• Apply these corrections (applycal) to the DATA column to form a new CORRECTED_DATA column overwriting the previous contents of CORRECTED_DATA.

The following example begins with the standard data set, 3C75.ms (resulting from the steps above). We have previously generated an IQUV multiscale image cube. We discard it for this step and generate a new Stokes I image, which we will use to generate a series of gain corrections (phase only self-calibration) that will be stored in 3C75.ScG0. With this solution, we then perform bandpass self-calibration to remove any amplitude slope that might be present and apply the derived phase and amplitude corrections to the data to form a set of self-calibrated data and a new image is then formed (3C75_selfcal.image). For the purpose of self-calibration, note that in the clean before the self-cal, it is important that we only use the Stokes I model so that any cleaned polarization do not affect the gaincal. We first use delmod on the MS to get rid of the previous polarized model and then run tclean to generate the Stokes I image. In principle, it is possible to use the previous image cube and extract the Stokes I model using the CASA toolkit and have tclean fill the model column appropriately. However, for simplicity we just re-image with tclean and selecting only Stokes I.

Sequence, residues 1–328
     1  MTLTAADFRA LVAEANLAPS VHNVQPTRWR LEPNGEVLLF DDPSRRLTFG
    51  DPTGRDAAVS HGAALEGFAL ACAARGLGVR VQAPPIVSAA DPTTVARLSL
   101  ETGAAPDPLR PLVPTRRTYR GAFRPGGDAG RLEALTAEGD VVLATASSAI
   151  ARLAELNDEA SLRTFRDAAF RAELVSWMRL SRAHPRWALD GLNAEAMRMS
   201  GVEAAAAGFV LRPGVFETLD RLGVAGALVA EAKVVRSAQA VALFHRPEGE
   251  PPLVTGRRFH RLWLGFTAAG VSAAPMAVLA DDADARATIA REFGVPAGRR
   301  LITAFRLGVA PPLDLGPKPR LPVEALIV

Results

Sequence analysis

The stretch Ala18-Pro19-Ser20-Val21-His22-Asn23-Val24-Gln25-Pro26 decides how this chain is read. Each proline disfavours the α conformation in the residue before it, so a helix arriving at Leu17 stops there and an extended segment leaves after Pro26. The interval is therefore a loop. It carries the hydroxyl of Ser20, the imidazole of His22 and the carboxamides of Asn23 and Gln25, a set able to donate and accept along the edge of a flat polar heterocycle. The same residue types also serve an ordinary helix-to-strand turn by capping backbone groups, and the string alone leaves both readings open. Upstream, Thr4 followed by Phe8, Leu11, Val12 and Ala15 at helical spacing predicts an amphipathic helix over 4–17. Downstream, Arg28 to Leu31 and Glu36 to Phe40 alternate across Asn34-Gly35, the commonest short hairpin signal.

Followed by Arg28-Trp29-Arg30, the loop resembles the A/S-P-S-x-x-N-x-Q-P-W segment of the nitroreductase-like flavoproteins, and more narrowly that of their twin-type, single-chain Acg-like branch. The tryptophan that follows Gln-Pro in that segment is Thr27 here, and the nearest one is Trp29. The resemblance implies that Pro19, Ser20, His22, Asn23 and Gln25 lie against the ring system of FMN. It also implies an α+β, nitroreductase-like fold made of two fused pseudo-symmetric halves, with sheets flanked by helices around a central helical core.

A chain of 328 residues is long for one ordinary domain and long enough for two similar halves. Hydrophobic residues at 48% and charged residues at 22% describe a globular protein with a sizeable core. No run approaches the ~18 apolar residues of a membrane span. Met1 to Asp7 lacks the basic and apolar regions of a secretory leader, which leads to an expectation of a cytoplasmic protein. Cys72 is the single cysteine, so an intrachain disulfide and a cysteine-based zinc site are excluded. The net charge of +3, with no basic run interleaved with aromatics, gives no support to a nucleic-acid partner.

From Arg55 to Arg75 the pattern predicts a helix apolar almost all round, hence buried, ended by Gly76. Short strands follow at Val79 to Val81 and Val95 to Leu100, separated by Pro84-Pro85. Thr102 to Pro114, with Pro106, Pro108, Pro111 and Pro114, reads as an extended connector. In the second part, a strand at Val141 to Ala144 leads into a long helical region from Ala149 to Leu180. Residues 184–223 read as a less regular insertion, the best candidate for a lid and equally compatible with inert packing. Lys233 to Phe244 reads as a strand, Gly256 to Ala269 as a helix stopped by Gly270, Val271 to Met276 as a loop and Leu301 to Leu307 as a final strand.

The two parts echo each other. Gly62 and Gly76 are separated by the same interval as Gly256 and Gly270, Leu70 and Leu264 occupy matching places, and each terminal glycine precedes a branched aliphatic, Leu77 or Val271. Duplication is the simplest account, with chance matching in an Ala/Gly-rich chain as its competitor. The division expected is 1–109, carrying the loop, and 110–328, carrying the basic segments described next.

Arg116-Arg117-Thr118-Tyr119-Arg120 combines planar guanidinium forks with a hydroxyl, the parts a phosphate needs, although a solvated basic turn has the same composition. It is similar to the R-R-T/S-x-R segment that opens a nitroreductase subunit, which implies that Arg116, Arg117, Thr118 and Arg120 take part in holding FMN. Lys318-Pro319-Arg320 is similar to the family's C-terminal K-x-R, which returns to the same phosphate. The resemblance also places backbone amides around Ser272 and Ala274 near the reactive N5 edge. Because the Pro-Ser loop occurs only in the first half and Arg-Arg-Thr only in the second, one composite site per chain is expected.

#In CASA
delmod('3C75.ms')

tclean(vis='3C75.ms',
field="3C75",
spw="",timerange="",
uvrange="",antenna="",scan="",observation="",intent="",
datacolumn="data",
imagename="3C75_initial_I",
imsize=480,
cell="3.4arcsec",
phasecenter="",
stokes="I",
projection="SIN",
specmode="mfs",
reffreq="3.0GHz",
nchan=-1,
start="",
width="",
outframe="LSRK",
restfreq=[],
interpolation="linear",
gridder="standard",
mosweight=True,
cfcache="",
computepastep=360.0,
rotatepastep=360.0,
pblimit=0.0001,
normtype="flatnoise",
deconvolver="mtmfs",
scales=[0, 6, 18],
nterms=2,
smallscalebias=0.6,
restoration=True,
restoringbeam=[],
pbcor=False,
outlierfile="",
weighting="briggs",
robust=0.5,
npixels=0,
uvtaper=[],
niter=20000,
gain=0.1,
threshold=0.0,
nsigma=0.0,
cycleniter=1000,
cyclefactor=1.0,
restart=True,
savemodel="modelcolumn",
calcres=True,
calcpsf=True,
parallel=False,
interactive=True)


This tclean call will only fill the model column with the Stokes I model and ignore the polarized structure. You should not clean very deeply at this point. You want to be sure to capture as much of the source total flux density as possible, but not include low-level questionable features or sub-structure (ripples) that might be due to calibration or clean artifacts.

After you are happy with the image:

#In CASA
# In CASA
gaincal(vis='3C75.ms', caltable='3C75.ScG0', field='', solint='inf', refant='ea10',
spw='',minsnr=3.0, gaintype='G', parang=False, calmode='p')

bandpass(vis='3C75.ms', caltable='3C75.ScB0', field='', solint='inf', refant='ea10', minsnr=3.0, spw='',
parang = False, gaintable=['3C75.ScG0'],
interp=[])

applycal(vis='3C75.ms', gaintable=['3C75.ScG0','3C75.ScB0'], spw='', applymode='calflagstrict', parang=False)